Alienation makes children more likely to act aggressively

Children that experience peer alienation are more likely to lash out aggressively.

Netherlands researchers at Utrecht University recently “found that some children are more likely than others to lash out in response to acute peer rejection: children who already feel like outcasts” (Science Daily).   The results of the study are published in Psychological Science, a journal of the Association for Psychological Science. Perhaps saying that alienated youth are more likely to lash out than are youth that are generally accepted by their peers is stating the obvious, but it is important to face aggression and bullying directly.  Utrecht University’s researchers believed there might be “something to alienation that increases aggression” and created an Internet contest called “Survivor” to test children’s degrees of alienation and corresponding aggression.

The contest was fake; it never went live on the web.  The study included 121 children between the ages of 10 and 13.  Each child created an online profile that would allegedly be uploaded onto the “Survivor” website alongside the child’s picture.  Eight children from other schools acted as judges and wrote feedback for students.  While some children received mostly positive feedback, some had mostly negative feedback, including statements like, “This person does not seem fun to hang out with.”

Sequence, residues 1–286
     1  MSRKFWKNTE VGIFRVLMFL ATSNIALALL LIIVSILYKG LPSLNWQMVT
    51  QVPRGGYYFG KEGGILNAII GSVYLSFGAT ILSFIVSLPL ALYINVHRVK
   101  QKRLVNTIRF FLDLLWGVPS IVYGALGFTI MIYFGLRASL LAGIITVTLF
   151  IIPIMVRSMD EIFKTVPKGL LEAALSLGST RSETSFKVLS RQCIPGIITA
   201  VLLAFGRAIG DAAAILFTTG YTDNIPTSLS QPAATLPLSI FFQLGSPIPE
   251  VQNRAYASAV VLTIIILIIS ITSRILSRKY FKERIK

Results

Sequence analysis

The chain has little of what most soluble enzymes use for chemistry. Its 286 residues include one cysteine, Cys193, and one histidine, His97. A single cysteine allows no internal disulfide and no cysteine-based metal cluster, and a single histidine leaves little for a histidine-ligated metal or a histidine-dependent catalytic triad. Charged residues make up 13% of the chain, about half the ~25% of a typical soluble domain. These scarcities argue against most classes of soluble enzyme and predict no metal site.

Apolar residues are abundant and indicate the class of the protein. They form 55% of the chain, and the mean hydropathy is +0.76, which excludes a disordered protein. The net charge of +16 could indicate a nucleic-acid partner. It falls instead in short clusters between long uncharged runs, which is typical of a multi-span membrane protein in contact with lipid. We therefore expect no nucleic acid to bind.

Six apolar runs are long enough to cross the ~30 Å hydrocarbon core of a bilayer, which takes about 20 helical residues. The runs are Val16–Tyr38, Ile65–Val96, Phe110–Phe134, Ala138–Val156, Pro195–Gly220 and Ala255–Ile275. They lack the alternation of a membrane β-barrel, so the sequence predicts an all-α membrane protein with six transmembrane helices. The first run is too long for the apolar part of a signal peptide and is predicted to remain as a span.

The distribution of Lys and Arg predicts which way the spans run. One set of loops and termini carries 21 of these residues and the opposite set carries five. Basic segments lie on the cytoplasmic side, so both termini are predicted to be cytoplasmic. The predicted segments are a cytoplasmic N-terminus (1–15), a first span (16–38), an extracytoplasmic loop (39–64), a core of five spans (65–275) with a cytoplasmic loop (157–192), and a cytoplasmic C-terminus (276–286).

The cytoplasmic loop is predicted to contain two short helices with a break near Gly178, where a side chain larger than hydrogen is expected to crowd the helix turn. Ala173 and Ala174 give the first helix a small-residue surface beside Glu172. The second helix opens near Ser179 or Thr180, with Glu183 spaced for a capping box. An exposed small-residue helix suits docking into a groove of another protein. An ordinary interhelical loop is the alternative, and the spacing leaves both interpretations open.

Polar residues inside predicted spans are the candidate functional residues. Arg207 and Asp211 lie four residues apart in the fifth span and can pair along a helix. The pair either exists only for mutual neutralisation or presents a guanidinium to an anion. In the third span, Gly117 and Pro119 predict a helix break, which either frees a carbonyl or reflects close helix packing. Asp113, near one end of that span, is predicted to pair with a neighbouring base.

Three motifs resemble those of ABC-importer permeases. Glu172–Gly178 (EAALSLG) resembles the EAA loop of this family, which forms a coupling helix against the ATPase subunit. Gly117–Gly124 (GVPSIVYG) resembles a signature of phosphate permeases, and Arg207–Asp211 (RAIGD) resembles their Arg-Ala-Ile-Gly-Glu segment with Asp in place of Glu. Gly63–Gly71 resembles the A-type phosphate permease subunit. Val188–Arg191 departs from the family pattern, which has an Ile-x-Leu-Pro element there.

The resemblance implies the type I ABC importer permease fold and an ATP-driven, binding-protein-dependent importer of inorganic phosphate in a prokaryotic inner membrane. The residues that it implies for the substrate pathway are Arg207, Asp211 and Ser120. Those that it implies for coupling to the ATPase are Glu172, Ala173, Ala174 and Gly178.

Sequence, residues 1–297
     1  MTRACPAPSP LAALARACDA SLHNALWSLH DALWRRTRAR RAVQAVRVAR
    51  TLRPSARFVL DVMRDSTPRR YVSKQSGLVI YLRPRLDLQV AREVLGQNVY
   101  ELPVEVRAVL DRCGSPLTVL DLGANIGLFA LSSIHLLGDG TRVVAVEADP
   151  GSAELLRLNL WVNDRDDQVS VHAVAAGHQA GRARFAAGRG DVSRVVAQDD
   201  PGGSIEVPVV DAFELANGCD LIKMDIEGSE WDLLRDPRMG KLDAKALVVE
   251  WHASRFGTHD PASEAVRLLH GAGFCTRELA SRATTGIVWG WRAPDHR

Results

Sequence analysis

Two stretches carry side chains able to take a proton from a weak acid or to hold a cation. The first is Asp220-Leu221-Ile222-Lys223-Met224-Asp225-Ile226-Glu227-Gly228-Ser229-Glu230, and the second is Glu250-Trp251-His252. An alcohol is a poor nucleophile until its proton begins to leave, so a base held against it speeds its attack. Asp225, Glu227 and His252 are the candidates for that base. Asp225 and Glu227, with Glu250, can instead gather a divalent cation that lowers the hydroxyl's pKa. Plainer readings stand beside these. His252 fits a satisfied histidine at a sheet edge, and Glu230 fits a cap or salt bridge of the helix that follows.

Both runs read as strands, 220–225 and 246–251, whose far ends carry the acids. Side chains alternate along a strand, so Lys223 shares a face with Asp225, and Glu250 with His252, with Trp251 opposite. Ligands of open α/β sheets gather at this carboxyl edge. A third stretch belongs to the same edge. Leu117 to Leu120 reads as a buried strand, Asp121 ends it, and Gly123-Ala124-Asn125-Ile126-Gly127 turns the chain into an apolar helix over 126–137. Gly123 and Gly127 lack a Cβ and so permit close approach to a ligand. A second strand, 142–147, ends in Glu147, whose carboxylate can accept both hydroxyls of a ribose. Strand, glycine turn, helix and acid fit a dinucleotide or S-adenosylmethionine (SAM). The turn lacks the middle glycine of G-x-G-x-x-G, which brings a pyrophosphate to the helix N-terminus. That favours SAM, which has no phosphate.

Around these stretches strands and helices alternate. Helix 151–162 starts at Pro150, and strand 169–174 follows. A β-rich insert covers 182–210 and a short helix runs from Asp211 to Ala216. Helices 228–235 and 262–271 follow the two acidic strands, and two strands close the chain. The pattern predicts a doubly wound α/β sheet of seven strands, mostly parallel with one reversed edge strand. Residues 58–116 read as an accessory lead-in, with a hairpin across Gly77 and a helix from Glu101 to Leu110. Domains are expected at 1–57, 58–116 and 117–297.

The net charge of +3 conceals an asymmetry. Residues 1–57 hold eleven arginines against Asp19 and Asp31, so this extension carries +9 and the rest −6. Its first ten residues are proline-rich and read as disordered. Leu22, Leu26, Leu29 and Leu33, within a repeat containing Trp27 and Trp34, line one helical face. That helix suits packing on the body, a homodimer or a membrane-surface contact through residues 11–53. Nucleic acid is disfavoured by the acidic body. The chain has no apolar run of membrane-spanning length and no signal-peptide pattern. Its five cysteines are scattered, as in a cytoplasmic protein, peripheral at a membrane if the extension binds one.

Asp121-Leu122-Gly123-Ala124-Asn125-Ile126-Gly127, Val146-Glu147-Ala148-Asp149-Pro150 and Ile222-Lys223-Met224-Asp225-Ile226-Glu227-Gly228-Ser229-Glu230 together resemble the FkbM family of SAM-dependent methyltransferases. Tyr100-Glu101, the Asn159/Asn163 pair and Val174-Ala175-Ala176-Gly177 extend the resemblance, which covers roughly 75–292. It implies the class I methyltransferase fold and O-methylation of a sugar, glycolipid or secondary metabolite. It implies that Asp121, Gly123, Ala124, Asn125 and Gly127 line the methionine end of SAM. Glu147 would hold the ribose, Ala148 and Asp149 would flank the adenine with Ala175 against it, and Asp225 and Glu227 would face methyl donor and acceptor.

After reviewing the feedback they received from judges, the children were able “to choose how much money each judge would get, and to write comments about the judges.”  Students who received negative feedback and were rejected by their peers “were more likely to act aggressively toward judges – taking away money from them and/or writing comments like ‘this person is fat and mean.’”  Students “were even more aggressive if they’d scored high on a measure of alienation – agreeing with statements like, ‘Hardly anyone I know is interested in how I really feel inside.’”

Researchers closed the study with a session during which they explained to the children that the judges and their mean comments were fake.  They discussed with the children positive social experiences they recently had and then gave them a present.

Curbing bullying is as simple – or as difficult – as helping children not to feel like outcasts.  Children, particularly those with learning disabilities, are likely to feel different from and/or excluded by others. A child in your life with a learning disability is a child for whom you should strive to facilitate positive, validating social experiences, perhaps even more so than for a child without a learning disability. Children with learning disabilities are also at risk to experience depression.  As demonstrated by Utrecht University’s research, bad peer experiences can lead children to lash out aggressively, likely causing further alienation.  Help the child in your life with a learning disability feel accepted and valuable to reduce the chance that he or she may develop unhealthy tendencies to act aggressively toward others.


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